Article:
With claims to what has been estimated to be worth $400B over the coming years, Cyprus has emerged as a new energy player in the Mediterranean over the past three years. Offering access to an estimated 50 to 60 tcf of gas and 1.7 billion barrels of crude in waters off its southeastern coast, Cyprus presented Europe with the kind of reserves that could finally ease dependence on Russia, not to mention meet and exceed domestic demand. Natural gas presented the surest way to rebound for a country with little else to rely on than a modest tourism sector and a bloated and unsustainable banking system.

Lesson for Obama is that exploiting lucrative oil and gas reserves remains a reasonable alternative to government-assisted bank robbery.

Drill, baby, drill.

Terp Mole on April 1, 2013 at 11:14 AM

With claims to what has been estimated to be worth $400B over the coming years, Cyprus has emerged as a new energy player in the Mediterranean

…I hasten to add;

Israel Taps an Offshore Natural Gas Field

Israel moved closer to its goal of energy independence on Sunday as natural gas from a large offshore field began flowing into the country, a harbinger of important change that will benefit the country strategically and economically, officials said…

/game changer

Terp Mole on April 1, 2013 at 11:17 AM

Euros loves them some totalitarian government!!

jukin3 on April 1, 2013 at 11:36 AM

I dont get what the fuss is all about, bail in or bail out- this means nothing. The reality is that there is no money left in those banks, they gambled it away on cheap Greek debt, and “now its gone”. Now the whole debate is about if somebody will step in and reimburse those, who gave their savings to fuel this bad investment and how much the garanty for deposits worth nowdays. If you want a little history for a decade preceding this, Cyprus banks were offering much higher interest then the rest of europe, but got so many deposits, that they had to go into more and more risky investments to keep providing those higher interest payments and pay themselves bonuses based on the amount of savings attracted. Basically, now to pay for the garanteed deposits, Cyprus asking EU to step in, but EU says, if they are to do this, there is no way they are going to pay for not garanteed deposits (or more than was contractually obligated). CypRIOTs should put riot back in their country name and start putting handcuffs on those who gambled their money away, but alas, they have tough gun controls and sheep is not just whats for dinner.

anikol on April 1, 2013 at 12:27 PM

Is Gazprom Russian for Solyndra?

unclesmrgol on April 1, 2013 at 11:07 AM

No, quite the crony-capitalistic oligarchy that makes money as it uses its product as a diplomatic tool with potent political/economic leverage. It’s where retired politicians, public servants, i.e. ambassadors go after public service, alsong with Rozneft etc, and not just Russians, even some of the Euro pols as well, including a former socialist German Chancellor.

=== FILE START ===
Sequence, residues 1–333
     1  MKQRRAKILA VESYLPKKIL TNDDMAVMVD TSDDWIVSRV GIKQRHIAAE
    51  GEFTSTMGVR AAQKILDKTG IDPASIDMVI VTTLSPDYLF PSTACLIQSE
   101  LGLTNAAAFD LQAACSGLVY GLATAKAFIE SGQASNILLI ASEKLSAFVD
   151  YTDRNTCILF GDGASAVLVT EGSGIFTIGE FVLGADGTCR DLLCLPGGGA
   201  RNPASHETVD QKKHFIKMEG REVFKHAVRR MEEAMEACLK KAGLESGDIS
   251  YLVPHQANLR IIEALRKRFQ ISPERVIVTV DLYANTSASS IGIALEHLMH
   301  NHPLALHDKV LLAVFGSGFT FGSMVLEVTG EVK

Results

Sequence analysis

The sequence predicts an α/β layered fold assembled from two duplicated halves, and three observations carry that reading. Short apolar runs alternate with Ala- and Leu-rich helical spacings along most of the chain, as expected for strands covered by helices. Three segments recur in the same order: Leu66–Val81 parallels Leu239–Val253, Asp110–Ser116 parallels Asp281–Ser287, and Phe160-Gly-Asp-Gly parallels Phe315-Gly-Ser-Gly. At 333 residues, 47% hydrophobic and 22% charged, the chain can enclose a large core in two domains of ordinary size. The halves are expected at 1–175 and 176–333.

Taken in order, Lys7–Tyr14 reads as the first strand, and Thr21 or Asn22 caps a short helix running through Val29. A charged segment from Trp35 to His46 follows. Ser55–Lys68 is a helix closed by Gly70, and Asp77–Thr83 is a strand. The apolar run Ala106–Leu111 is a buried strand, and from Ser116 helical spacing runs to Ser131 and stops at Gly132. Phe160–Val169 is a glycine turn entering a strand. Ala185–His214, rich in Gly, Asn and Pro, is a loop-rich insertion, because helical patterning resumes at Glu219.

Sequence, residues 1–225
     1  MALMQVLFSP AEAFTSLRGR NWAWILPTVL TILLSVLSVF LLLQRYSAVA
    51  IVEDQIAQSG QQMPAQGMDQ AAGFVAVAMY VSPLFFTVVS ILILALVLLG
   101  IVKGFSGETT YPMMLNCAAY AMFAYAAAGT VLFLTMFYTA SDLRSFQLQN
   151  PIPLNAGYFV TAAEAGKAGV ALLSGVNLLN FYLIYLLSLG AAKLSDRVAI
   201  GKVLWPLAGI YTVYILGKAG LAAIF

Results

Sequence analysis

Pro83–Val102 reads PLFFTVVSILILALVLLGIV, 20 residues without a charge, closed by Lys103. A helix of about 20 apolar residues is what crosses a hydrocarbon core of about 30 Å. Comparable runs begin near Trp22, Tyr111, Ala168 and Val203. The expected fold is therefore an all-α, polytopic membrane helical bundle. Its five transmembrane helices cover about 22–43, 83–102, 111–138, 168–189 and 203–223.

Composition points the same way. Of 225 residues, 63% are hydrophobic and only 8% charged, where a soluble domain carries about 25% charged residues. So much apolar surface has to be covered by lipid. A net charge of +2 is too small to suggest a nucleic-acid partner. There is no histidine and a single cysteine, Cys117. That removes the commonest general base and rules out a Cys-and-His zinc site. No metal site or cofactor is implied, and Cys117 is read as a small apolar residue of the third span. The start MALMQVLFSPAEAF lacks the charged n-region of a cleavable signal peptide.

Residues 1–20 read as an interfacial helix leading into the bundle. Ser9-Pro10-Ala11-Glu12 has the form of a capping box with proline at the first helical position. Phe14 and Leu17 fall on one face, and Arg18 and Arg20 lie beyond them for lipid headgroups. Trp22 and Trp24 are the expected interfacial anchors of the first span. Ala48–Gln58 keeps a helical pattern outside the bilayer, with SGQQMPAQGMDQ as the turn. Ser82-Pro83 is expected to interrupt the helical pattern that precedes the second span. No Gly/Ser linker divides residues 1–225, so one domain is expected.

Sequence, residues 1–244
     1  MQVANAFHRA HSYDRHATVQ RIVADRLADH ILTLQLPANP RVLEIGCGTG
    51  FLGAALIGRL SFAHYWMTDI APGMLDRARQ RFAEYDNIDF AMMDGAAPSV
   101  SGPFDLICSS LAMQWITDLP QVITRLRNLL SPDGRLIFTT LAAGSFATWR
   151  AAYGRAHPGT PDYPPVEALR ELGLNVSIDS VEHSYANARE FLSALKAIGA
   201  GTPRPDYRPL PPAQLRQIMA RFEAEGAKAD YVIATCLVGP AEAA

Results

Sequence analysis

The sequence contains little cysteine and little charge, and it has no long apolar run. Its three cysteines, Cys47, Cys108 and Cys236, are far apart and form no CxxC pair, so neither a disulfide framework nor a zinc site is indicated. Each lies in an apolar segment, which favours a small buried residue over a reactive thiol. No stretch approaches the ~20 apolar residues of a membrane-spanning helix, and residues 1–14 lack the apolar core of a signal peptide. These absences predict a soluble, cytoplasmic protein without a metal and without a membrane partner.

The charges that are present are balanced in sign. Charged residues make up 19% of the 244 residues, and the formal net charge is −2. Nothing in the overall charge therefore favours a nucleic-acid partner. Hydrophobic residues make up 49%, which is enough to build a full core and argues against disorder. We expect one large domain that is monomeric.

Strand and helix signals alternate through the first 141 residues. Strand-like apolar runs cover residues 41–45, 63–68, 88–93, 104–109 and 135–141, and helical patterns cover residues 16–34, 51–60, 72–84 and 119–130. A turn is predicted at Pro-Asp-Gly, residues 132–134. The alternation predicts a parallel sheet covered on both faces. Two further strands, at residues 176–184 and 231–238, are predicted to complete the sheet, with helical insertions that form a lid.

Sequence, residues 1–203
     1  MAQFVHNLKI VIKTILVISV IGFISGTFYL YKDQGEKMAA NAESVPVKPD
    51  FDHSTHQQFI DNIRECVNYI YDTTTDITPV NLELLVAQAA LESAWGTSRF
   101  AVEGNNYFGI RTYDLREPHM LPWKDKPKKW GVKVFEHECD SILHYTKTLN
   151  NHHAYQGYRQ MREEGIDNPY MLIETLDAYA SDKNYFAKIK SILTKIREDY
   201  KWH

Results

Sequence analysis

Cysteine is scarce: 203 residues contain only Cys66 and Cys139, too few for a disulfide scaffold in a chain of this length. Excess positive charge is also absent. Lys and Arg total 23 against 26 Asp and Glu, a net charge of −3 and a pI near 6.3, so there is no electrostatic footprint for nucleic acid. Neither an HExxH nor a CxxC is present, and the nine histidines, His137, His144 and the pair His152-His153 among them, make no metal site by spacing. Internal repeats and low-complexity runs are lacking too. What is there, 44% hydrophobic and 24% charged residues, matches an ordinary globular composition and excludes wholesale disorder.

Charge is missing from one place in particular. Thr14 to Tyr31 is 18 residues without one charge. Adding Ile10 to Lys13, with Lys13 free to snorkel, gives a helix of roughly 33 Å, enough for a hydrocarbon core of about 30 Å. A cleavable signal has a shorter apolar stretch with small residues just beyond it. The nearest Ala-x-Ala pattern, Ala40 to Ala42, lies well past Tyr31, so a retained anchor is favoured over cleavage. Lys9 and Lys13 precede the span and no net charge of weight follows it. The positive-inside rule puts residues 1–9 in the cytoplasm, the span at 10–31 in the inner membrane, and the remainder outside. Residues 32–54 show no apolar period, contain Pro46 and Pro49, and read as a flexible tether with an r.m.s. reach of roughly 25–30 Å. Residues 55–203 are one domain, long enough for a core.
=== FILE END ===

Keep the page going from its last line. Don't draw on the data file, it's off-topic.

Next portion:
We were consulted in helping Gazprom pick a locatin for their German HQ in Berlin, back in the late 90s. We identified a couple of locations in Mitte near Friedrichestrasse & Unten Den Linden. They finally picked a spot that may be more symbolic to their perspective, just south of the Wall and 2 blocks East of Checkpoint Charlie and just west of the Axel-Springer building. That building used to tick off the DDR for being such a visual testament day & night to Western values during its hey-day. Nonetheless, it was interesting experience interacting with Gazprom.

AH_C on April 1, 2013 at 1:46 PM

http://www.zerohedge.com/news/2013-04-01/list-released-132-names-who-pulled-cyprus-deposits-ahead-confiscation-day

Wow. It’s a good thing the Cypriots are a bunch of unarmed dopes.

They’ve been sheered….

dogsoldier on April 1, 2013 at 2:48 PM

The greatest irony in Obama’s America is the collapse of other socialists countries is strengthening the US dollar.

rob verdi on April 1, 2013 at 9:25 AM

Not for long. The way the fed is (electronically) printing money, it is only a matter of time before the dollar goes splat.

SubmarineDoc on April 1, 2013 at 5:24 PM

What is the cover pic from anyway?

Free Indeed on April 1, 2013 at 10:28 AM

Goldeneye. That’s Xenia Onatopp and James Bond

thebrokenrattle on April 1, 2013 at 10:30 AM

Or, Famke Janssen and Pierce Brosnan

rwenger43 on April 1, 2013 at 8:35 PM

The greatest irony in Obama’s America is the collapse of other socialists countries is strengthening the US dollar.

rob verdi on April 1, 2013 at 9:25 AM

Not for long. The way the fed is (electronically) printing money, it is only a matter of time before the dollar goes splat.

SubmarineDoc on April 1, 2013 at 5:24 PM

I once told my boss that relying on the continued incompetence of your competition is a poor business plan. He didn’t appreciate my thoughts.

rwenger43 on April 1, 2013 at 8:39 PM